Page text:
I have no more words.
After that distressing experience I was almost scared to go somewhere else but we needed a palate cleanser so off to vegetarian Tibetan fusion cafe Momo it was. This seemed like a safe bet as it's actually recommended in Lonely Planet.
We ordered the Tibetan dumplings, or momos, partly because Lonely Planet told us to and partly because I figure if you're naming your cafe after a specific dish it's gotta be good. We weren't disappointed, maybe that was because they weren't filled with jelly, but more likely it was because they were tasty lentil stuffed dumplings.
Momo seems like it'd be a good place to grab lunch in the city for sure and they helpfully mark the vegan options on their menu which is a major win for a travelling vegan struggling to decipher the menu. Another veg spot with marked vegan options is Green Day, we didn't eat there but the 90's pop punk lover within me had to stop and take a picture!
Opposite our campsite was a supermarket where I was able to take my zine, European Vegan, for a whirl. The Polish page helped me work out which breads were really stuffed with cheese and I grabbed some rolls and soy yoghurts for breakfast.
This photo is also serving as a timely reminder that I reeeeally need to dye my roots!
I feel like I'm raving about soy yoghurt in almost every post at the moment but really Europe knows where it's at when it comes to vegan yoghurt.
It was actually the one thing I was seriously craving by the end of my travels in SE Asia and US vegan yoghurts are honestly pretty terrible especially now that Whole Soy has disappeared from the market. Silk can't confirm or deny whether their yoghurts are really vegan (so, they probably aren't then) and I've heard rumours that Daiya are bringing out some yoghurts but I didn't see them whilst I was over there. Since I set foot on European soil in June I've been diving headfirst into huge tubs of Alpro Cremoso whenever I can get it and in the meantime Sojasun is filling the gap nicely.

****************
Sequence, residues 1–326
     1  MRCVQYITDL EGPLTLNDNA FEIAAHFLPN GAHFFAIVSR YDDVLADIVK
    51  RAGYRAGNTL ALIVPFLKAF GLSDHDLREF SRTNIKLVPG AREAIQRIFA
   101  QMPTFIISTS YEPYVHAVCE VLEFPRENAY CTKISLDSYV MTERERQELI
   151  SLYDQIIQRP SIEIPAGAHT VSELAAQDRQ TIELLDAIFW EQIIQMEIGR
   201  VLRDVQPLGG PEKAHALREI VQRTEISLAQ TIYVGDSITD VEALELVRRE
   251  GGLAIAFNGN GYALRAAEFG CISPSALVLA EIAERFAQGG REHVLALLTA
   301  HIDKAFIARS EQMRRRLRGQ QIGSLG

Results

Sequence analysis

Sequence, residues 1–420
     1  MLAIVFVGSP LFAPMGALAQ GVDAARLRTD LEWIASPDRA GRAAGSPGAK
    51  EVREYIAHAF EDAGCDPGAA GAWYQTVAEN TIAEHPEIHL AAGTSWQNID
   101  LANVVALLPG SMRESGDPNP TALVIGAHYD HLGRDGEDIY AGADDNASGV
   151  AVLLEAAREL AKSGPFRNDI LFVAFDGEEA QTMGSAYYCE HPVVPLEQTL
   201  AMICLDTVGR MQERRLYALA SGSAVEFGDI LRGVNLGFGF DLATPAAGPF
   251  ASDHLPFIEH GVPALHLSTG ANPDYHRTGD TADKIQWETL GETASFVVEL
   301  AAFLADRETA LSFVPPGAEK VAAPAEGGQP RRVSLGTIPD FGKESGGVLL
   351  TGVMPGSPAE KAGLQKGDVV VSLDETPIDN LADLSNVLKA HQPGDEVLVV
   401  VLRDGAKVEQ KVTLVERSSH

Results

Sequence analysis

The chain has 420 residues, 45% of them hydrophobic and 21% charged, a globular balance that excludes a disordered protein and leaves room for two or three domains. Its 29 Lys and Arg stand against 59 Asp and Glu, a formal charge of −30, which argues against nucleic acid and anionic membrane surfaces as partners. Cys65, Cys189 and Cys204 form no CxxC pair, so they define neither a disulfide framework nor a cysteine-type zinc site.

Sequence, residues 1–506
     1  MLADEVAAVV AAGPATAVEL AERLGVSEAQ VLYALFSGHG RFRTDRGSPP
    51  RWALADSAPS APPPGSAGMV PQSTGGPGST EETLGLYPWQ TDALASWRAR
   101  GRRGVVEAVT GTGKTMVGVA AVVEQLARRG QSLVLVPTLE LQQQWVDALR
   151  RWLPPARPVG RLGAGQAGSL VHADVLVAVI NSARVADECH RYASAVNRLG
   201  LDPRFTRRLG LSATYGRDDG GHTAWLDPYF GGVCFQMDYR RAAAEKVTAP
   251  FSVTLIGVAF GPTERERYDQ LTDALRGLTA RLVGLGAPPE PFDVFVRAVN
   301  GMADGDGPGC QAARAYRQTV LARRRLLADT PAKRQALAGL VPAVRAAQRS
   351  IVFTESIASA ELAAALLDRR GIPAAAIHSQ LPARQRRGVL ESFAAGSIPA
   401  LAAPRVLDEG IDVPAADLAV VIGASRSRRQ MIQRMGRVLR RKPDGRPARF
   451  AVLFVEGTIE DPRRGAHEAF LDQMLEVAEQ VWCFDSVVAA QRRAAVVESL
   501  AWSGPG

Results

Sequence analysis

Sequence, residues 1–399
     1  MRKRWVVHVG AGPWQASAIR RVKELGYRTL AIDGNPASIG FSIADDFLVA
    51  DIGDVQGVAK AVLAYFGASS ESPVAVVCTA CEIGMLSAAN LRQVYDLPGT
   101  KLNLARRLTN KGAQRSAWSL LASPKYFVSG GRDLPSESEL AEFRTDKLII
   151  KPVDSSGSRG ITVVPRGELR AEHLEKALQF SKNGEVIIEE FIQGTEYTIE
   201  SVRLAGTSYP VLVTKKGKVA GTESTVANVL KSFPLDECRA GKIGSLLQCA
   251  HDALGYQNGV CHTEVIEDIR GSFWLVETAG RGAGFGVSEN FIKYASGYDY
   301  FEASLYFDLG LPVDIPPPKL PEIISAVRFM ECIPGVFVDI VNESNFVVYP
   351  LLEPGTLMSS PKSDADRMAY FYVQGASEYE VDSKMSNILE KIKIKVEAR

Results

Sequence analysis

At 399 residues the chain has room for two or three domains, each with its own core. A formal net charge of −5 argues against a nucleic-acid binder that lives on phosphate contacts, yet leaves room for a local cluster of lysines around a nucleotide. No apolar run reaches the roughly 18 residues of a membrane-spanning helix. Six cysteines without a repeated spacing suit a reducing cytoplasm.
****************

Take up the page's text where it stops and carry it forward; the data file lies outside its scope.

The next day Nick wasn't feeling great so like the good wife that I am I abandoned him in the van and went to get some pierogis and do some writing. I settled upon Glonojad after it was recommended to me by a friend on Instagram and I was so happy I went with her rec'. I finally got to try pierogis and they were gooood.
They were stuffed with lentils and I went with what I thought would be the most traditional sides, cabbage slaw, roasted beets and carrot and raisin salad. Okay, I didn't think the carrot raisin salad was authentic I just really like carrot raisin salad! This plate of food was my favourite out of all of the things I ate in Poland and I loved the atmosphere at the cafe too. It was bustling all day and despite spending hours there working on the blog (don't worry I kept buying drinks!) I never felt rushed or like I was taking up too much space. Their wifi is also fast which is a win for any travel blogger / digital nomad.
After Krakow we were headed south towards Slovakia and had planned to spend some time exploring the mountains. We settled upon Zakopane which was definitely a bit of a mistake, the campsite we picked was kinda cool - you aren't allowed to light fires at most European campsites but there you could do what you wanted as long as you quietened down by 11pm, but it turns out that Zakopane has been horribly overdeveloped and the streets are lined not only with sad ponies forced to ride people about the place but also with bouncy castles, street stands selling tourist tat and games to play on. Call me weird but I don't think areas of natural beauty need tonnes of blow up toys to entertain you!
We hightailed it outa there the next day and headed for Slovakia and the High Tatras which were ridiculously beautiful. More on that next time. In the meantime do let me know if you've got a favourite off the beaten track location or hidden gem that you think I have to check out in Eastern Europe. I'm in Hungary right now and will be heading to Vienna next then onwards to Slovenia for Punk Rock Holiday at the beginning of August and then I'll head south east from there.